Tuesday 13th Feb, 2018
Oliver Jackson, Partner in The Pets'n'Vets Family has been recruiting New Graduate Vets for years! Here he gives us his thoughts on writing a great Job Application
It’s time to get your first Veterinary job, time to put down the text books and pick up the Vet Record – examine the Job adverts, dissect out the best and make your application. You’ll want an eye-catching, interesting and individual application; something to make you stand out from the crowd.
Right, first things first – you are GREAT! Really really GREAT!
How do I know you are great? ... well, let me take a shot at this;-
But wait, how did I know?
...Well, this is the problem ... I’ve just described all recently-qualified Vets. How do we make sure that prospective employers know just how great YOU are?!
Fear not, here are my top tips to make your application stand out from the crowd;-
It’s a lot easier to sound genuinely passionate about a role if you really feel that way!
Try and put yourself in your Prospective Employers position – what is important to them? You can work this out with a bit of research; Practice Facebook Pages, Practice websites, even the Job Advert might give good clues.
From a practice owner’s perspective; I have worked really hard making my practice feel a particular way, it would be nice if a) you noticed and b) you had similar principles and ideas about veterinary practice.
Now that you have worked out why you are made for this job - don’t keep it a secret! Tell your prospective employer!
In my opinion, a Cover letter is the very best place to show your enthusiasm.
A good Cover Letter should be short and friendly and most importantly, should be bespoke to the particular position.
Note: Don’t be too gushy! – try not to be over the top! 20 years of emptying anal glands does provide some perspective. Cutsey-wootsey language probably won’t go down well. Stay professional.
This is a job, right! Tell your prospective Employer what you can give to the practice – but try and be realistic!
Too many New Graduate Applications tell us what our practice could do for them. “The shadowing system sounds ideal for me”, “I could really benefit from working alongside a Certificate holder”, or “I really want to stay in [whichever] City”
It’s important for employers to know that you will be striving to give something back to the practice – in you, they will want to feel that they are making an investment for the future.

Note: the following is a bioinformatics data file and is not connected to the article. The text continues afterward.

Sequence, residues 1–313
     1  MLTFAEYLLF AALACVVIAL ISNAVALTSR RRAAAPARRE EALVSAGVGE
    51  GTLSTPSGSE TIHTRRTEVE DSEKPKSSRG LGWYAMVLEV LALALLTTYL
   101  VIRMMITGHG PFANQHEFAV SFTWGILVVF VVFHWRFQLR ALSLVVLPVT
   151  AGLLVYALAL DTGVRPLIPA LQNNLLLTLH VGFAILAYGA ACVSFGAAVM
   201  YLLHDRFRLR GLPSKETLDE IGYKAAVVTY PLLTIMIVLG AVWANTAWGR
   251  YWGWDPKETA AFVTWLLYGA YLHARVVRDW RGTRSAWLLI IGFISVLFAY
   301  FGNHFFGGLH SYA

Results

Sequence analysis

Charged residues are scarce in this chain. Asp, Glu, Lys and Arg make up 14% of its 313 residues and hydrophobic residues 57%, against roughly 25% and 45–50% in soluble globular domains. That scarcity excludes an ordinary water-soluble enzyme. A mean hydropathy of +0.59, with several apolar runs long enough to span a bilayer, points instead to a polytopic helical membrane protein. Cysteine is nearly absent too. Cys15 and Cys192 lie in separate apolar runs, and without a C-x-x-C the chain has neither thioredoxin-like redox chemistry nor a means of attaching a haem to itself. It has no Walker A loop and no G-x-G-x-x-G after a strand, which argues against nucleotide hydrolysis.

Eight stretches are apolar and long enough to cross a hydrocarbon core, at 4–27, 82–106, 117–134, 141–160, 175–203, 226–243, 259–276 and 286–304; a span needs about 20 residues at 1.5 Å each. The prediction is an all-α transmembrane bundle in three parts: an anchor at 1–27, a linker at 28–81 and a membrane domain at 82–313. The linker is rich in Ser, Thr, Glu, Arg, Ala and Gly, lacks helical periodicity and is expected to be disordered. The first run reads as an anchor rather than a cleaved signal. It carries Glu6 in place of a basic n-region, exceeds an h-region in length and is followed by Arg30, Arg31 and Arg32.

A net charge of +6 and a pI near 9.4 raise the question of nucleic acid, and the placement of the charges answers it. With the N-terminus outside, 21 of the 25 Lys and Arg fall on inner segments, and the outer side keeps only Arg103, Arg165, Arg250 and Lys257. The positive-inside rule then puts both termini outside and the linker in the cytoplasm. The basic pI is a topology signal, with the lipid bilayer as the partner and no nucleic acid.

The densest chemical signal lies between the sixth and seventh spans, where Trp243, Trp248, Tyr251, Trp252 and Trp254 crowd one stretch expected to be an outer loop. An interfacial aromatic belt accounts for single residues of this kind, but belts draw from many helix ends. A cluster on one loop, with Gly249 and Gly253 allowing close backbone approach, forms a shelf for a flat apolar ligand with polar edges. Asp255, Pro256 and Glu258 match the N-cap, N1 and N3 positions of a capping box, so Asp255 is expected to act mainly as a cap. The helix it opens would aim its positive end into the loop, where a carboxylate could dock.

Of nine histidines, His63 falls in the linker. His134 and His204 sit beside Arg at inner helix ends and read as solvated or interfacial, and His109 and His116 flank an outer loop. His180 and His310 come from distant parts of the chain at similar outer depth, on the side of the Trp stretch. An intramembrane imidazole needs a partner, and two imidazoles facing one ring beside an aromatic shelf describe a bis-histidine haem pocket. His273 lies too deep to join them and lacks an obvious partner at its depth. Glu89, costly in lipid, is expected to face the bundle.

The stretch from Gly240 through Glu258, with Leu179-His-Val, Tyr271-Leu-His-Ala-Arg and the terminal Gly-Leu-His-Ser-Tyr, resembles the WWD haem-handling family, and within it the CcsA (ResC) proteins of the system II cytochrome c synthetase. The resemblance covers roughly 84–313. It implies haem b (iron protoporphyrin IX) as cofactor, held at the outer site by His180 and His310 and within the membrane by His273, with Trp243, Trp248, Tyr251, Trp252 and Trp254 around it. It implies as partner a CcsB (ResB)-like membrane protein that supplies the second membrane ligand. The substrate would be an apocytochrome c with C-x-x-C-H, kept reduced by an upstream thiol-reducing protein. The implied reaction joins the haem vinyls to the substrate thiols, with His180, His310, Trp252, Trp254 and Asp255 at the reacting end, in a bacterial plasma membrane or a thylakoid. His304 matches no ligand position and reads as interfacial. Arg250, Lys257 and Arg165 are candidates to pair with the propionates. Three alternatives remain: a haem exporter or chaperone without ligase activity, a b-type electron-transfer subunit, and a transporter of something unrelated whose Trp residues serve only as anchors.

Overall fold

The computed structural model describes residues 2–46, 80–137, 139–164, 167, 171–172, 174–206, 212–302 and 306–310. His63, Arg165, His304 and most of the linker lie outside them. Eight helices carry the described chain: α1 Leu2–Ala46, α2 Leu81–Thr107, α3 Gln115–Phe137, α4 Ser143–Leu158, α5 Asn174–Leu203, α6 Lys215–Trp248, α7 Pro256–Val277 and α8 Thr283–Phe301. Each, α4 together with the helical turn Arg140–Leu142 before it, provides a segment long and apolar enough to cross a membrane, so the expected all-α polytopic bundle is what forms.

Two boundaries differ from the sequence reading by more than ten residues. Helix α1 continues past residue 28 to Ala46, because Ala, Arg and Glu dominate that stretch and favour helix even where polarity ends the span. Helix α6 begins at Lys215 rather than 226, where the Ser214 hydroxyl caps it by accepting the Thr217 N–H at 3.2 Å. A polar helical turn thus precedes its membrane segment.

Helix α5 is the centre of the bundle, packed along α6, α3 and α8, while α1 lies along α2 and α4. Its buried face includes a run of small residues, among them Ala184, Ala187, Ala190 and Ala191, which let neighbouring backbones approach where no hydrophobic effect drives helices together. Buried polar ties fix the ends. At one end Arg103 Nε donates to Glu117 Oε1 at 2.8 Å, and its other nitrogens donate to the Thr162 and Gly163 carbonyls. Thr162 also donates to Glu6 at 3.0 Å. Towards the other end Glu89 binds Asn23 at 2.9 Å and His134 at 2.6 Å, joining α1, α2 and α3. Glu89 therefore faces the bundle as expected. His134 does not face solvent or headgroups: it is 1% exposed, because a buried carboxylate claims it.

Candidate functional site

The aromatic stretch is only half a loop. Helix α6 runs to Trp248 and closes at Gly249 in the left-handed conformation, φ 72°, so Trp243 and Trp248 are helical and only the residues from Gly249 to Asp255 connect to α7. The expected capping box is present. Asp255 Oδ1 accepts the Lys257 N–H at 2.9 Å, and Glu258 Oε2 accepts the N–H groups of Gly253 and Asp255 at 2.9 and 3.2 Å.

The phrases above could easily become, “the prospect of your shadowing programme is really exciting, I hope it would provide me with the support I need to swiftly become an independent and useful member of the team”, “I am really excited by the possibility of working alongside a Surgery certificate holder having particularly enjoyed my Surgical rotation.” and “I have a network or friends and family in [whichever] City, I feel that this would greatly benefit my work-life balance in my new role”
There are lots of resources on the internet to find advice on writing a good CV.
I’d suggest that you highlight things that fit this particular role. If you are applying to a sizeable Large Animal Outfit – they may well be interested to hear about that special project that you did on Herd Health, for example.
Also, please make sure that your CV is in a format that any idiot can open easily - ideally on a 20 year old PC, with a cat in their other hand and half a sandwich in their mouth - this idiot sometimes has trouble.
As I said before, we are all great! We’ve worked damn hard and got through!
It is highly unlikely that you are going to turn up day one, job ready, consulting perfectly in just 10 minutes and spaying 40kg Lab bitches in between!
We are not asking for the finished article (or at least we shouldn’t be!) ... most employers are looking for someone who will get on well with their staff and clients, who is humble and willing to learn, who is reasonable and easy to work with. It's a good idea to reflect that in your application too!
So GO FOR IT! Get that application in ... and ALWAYS remember, YOU ARE GREAT!